Education News Roundup: July 22, 2015

Utah State Board of Education SealToday’s Top Picks:

Daily Herald profiles two of the teachers in the Larry H. Miller Driven 2 Teach summer program.
http://go.uen.org/4dS (PDH)

BYU poli-sci professor Richard Davis discusses the Utah State Board of Education election process.
http://go.uen.org/4dG (DN)
As does Sen. Jackson.
http://go.uen.org/4dX (Senate Site, audio)

Arizona joins Nevada in scramble for more teachers for the new school year.
http://go.uen.org/4dH (Arizona Republic)

Education Commission of the States looks at homeschooling rules across the U.S.
http://go.uen.org/4dN (ECS)

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TODAY’S HEADLINES
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UTAH

Driven 2 Teach: two teachers experience history over the summer

Utah Kids Compare Favorably in the Annie E. Casey Foundation’s 2015 ‘KIDS COUNT’ Data Book

Ex-bus driver testifies: ‘I did not ever’ sexually abuse students

U.S. wins international Math Olympiad for first time in 21 years

Some charter schools require kindergarteners to take admissions tests

OPINION & COMMENTARY

Does state school board election proposal show how politics operates in Utah?

How to Elect the State Board of Education

Not schools’ role to offer public bathrooms

Education Insiders Change Their Tune on ESEA Following Passage of Senate Bill

State Homeschool Policies: A patchwork of provisions

NATION

Arizona school admins scrambling, again, to hire teachers

Legislative power key issue in arguments over teacher evaluation law Appeals panel hears arguments in union suit against DPS

U.S. charter school default rate up, but sector sound: report

The new frontier for Advanced Placement: Online AP lessons, for free

Nevada to pick new vendor after Common Core testing debacle

What Schools Can Learn About Privacy

Racial achievement gap costs Oregon $2 billion a year, study says

NYC’s Elite-School Debt Boom Swells as Brearley Seeks to Borrow

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UTAH NEWS
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Driven 2 Teach: two teachers experience history over the summer

Judy Baird’s fifth graders this fall may have never traveled much outside of Utah, but they will be able to experience emigrating to the U.S., and almost reach out and touch Ellis Island.
Baird and Kerri Hacking, a fellow fifth grade teacher at Riverview Elementary in Saratoga Springs, experienced the Statue of Liberty and Ellis Island firsthand during the last week of June, and feel completely changed by the experience.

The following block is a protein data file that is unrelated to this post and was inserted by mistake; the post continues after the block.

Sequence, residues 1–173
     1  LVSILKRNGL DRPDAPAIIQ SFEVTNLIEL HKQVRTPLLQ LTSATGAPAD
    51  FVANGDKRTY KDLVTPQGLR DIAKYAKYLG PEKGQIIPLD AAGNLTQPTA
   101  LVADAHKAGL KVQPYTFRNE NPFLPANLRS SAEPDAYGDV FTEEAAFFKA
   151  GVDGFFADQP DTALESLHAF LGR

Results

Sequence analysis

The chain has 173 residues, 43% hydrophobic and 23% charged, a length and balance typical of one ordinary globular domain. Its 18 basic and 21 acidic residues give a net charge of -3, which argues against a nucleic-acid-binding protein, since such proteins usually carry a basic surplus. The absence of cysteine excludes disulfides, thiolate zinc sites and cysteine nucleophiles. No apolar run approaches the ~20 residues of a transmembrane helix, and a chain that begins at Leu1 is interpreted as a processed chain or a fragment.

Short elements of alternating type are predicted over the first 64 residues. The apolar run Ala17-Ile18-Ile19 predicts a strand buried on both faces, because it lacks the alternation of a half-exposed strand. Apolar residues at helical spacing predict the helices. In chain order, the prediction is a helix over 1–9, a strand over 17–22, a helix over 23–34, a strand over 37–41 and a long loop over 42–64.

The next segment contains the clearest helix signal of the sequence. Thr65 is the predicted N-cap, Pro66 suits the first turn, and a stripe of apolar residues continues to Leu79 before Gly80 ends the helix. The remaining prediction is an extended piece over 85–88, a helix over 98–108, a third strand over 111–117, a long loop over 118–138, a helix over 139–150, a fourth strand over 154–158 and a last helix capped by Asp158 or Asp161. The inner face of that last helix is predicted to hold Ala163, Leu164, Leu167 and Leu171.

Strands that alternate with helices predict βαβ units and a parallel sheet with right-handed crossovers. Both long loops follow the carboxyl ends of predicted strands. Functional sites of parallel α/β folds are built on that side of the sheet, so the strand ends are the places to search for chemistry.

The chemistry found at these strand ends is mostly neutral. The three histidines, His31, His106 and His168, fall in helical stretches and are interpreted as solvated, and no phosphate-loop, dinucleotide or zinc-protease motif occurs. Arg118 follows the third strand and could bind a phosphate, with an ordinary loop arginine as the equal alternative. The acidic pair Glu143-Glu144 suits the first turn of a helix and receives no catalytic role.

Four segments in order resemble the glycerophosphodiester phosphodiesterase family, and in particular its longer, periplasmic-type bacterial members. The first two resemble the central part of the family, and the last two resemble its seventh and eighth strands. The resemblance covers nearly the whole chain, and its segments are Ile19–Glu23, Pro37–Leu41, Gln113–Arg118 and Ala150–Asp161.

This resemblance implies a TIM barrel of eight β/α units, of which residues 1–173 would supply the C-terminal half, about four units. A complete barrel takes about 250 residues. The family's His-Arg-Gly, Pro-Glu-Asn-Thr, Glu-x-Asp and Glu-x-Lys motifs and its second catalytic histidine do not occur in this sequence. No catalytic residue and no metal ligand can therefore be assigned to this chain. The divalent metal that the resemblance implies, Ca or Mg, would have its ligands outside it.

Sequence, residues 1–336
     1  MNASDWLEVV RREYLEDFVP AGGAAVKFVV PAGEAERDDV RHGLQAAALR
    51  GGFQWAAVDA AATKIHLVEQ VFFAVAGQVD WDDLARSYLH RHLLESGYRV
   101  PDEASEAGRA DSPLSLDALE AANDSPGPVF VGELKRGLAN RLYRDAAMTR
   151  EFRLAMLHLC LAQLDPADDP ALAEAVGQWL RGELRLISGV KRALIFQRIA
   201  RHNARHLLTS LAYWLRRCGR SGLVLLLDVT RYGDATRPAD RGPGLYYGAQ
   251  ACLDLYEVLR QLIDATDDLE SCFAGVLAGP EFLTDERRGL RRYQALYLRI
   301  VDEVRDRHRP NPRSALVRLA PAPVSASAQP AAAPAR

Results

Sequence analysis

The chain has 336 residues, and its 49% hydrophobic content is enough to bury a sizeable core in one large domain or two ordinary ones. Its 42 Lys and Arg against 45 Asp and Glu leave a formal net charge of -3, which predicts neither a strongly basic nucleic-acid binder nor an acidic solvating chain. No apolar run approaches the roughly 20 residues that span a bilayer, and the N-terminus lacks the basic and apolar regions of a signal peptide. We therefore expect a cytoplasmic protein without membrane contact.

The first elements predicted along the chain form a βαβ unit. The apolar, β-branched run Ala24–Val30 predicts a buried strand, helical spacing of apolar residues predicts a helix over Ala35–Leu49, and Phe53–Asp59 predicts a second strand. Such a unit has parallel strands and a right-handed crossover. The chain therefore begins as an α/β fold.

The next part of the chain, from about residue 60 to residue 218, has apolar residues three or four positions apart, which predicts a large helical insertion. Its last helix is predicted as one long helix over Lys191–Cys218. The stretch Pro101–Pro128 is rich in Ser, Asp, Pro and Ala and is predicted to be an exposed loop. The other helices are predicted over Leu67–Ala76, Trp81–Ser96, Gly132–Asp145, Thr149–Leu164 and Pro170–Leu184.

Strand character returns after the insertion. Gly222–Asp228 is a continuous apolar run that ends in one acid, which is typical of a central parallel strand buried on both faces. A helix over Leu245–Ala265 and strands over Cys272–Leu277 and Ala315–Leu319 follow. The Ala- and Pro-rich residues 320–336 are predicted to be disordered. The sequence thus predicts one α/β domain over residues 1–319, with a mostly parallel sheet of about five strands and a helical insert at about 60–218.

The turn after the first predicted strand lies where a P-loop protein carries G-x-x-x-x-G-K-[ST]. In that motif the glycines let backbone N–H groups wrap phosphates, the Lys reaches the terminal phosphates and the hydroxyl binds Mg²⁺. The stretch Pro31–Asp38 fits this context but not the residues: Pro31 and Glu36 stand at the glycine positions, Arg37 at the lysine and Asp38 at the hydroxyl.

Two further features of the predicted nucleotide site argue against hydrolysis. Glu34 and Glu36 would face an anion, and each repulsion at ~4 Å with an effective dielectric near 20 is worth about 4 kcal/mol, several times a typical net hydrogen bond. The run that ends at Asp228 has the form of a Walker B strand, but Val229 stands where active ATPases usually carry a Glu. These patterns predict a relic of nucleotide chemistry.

Baird and Hacking went to New York and Philadelphia as part of the Larry H. Miller Driven 2 Teach summer program. The program is open to all Utah educators in grades 5-12 who specialize in American History or historical literature. Teachers are given the opportunity to visit the historic sites that shaped our nation at no cost to the teachers or the schools, and can choose to do a tour in Boston and Philadelphia, Colonial Williamsburg and Washington, D.C., or New York and Philadelphia.
http://go.uen.org/4dS (PDH)

Utah Kids Compare Favorably in the Annie E. Casey Foundation’s 2015 ‘KIDS COUNT’ Data Book

The Annie E. Casey Foundation released its annual KIDS COUNT Data Book and Utah ranks in the top ten for the first time in several years.
“2011 was the last time we were in the top ten so a ranking of nine is good news for Utah,” says Terry Haven, deputy director for Voices for Utah Children.
The rankings are based on 16 child well-being indicators in four domains. Utah stayed the same in two domains, Education (29th) and Family and Community (2nd), dropped in its Health ranking from 4th to 7th, and improved in Economic Well-Being from 10th to 8th. Education remains Utah’s lowest ranking in a domain indicator at 29.
http://go.uen.org/4dF (UP)

http://go.uen.org/4dT (SGS)

http://go.uen.org/4dW (MUR)

Ex-bus driver testifies: ‘I did not ever’ sexually abuse students

WEST JORDAN — A Draper bus driver accused of sexually abusing two 5-year-old girls when he drove them to school testified Tuesday that while he was friendly with the children, he never touched them inappropriately.
In his second day of testimony at his trial, John Martin Carrell stood with his attorney and answered questions about surveillance footage that prosecutors say is evidence of the charges against him: 33 counts of aggravated sexual abuse of a child, a first-degree felony. Video from the first girl’s bus route shows Carrell taking what prosecutors say is an unnaturally long time unbuckling the girl’s seat belt, then heading to the driver’s seat where the child joins him.
http://go.uen.org/4dU (KSL)

http://go.uen.org/4dV (KSTU)

U.S. wins international Math Olympiad for first time in 21 years

The U.S. won the math International Mathematical Olympiad last weekend for the first time in 21 years, edging out China with South Korea in third place. The victory was compared by some to the 1980 U.S. hockey victory of the Soviets, known as the “Miracle on Ice.”
http://go.uen.org/4dR (DN)

Some charter schools require kindergarteners to take admissions tests

A New Orleans parent whose kindergartener took a test for admission to a selective public charter school wants to know more about the test and how it’s used. And the state attorney general may be looking into it.
http://go.uen.org/4dQ (DN)

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OPINION & COMMENTARY
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Does state school board election proposal show how politics operates in Utah?
Deseret News op-ed by Richard Davis, professor of political science at Brigham Young University